You can’t keep the weather from ruining your vacation, but you can guard against travel scams and gotcha fees.
Before you book a room or tour or transportation, make sure you know the cancellation and refund policies.
You might not get a refund once you pay.
With a hotel, find out the final price of your stay – including any “resort fees” or other mandatory charges.
These resorts fees, which are generally part of the room rate, cover things like the pool and health club – whether you use these facilities or not.
It’s always best to pay with a credit card.
I would never book travel with a debit card.
That’s the key to your checking account and if there’s problem, they money is gone while you dispute the charge.
More Info: I’d like a scam-free vacation

Traveling this holiday? So are credit card skimmers

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So are credit card skimmers.
The state Department of Agriculture says 276 credit card skimmers were removed from pumps in Florida this year. “There was like payments from California, and I have never even been to California,” said Tatiana Moranas. “Because there was a bunch of transactions; there was like a three hundred dollar transaction on my card.” “Somebody was charging all kinds of stuff on our card, and we got the information, and they said that they caught the person who did it,” said Jimmy Keppler.
With more people on the roads for the holiday, officials say skimmers are more likely to take advantage this weekend. “Anytime someone takes from you or robbed you or takes your identity; it’s very vulnerable; it’s like someone taking everything that you have,” Keppler said.
Thieves often place skimmers at the gas pumps farther away from the store.
Credit cards have better fraud protection, and the money is not deducted immediately from an account.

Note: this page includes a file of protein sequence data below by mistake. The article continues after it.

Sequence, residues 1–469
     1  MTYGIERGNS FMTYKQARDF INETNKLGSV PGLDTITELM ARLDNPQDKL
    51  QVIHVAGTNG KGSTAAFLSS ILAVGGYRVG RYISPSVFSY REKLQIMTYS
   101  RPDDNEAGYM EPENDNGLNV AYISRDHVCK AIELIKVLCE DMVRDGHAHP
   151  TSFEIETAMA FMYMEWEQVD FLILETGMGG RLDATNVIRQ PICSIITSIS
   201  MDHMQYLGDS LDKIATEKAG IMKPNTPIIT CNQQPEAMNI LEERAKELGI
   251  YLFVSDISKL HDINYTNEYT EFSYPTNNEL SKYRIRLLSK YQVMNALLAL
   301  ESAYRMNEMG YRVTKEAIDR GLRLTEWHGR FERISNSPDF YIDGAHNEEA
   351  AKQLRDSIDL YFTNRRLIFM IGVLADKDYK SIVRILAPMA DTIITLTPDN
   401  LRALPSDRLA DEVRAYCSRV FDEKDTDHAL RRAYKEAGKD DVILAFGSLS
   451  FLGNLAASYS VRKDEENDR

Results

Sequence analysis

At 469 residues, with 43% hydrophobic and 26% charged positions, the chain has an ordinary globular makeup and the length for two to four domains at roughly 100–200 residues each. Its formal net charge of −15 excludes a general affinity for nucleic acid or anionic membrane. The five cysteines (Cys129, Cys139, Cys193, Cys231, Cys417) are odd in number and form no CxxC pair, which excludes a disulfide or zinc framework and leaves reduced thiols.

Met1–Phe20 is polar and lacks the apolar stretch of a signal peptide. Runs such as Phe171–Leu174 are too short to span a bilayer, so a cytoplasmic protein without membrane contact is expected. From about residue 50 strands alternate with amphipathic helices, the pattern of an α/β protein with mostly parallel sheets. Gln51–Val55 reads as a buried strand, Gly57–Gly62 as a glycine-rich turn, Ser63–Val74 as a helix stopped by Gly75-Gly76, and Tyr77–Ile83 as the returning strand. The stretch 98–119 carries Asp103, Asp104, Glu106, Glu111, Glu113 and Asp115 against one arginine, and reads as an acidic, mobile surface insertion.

· Consumers who suspect their credit card number has been compromised should report it immediately to authorities and their credit card company.

Card skimming fraud alert issued in York County

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Card skimming fraud alert issued in York County.
Sean Heisey, York Daily Record The York County Elder Abuse Task Force is warning people about card skimmers – devices that can read data off of the magnetic strip on credit and debit cards.
Skimmers can be located either inside or outside a payment device and are designed to blend in so scammers can steal your information without your knowledge, according to a fraud alert issued by the Elder Abuse Task Force.
Here are some tips to protect yourself from skimmers: Select “credit” rather than “debit” to keep your PIN safe.
If you use your PIN, cover the keypad.
If you do pay at the pump, use a pump near the front of the store, where scammers are less likely to place skimmers.
Jiggle the payment device on an ATM or gas pump.
If it moves or is not securely fastened, don’t use it.
It could be rigged with a skimmer.
If you notice unauthorized charges, immediately report it to your bank or credit card company and freeze your account, the alert states.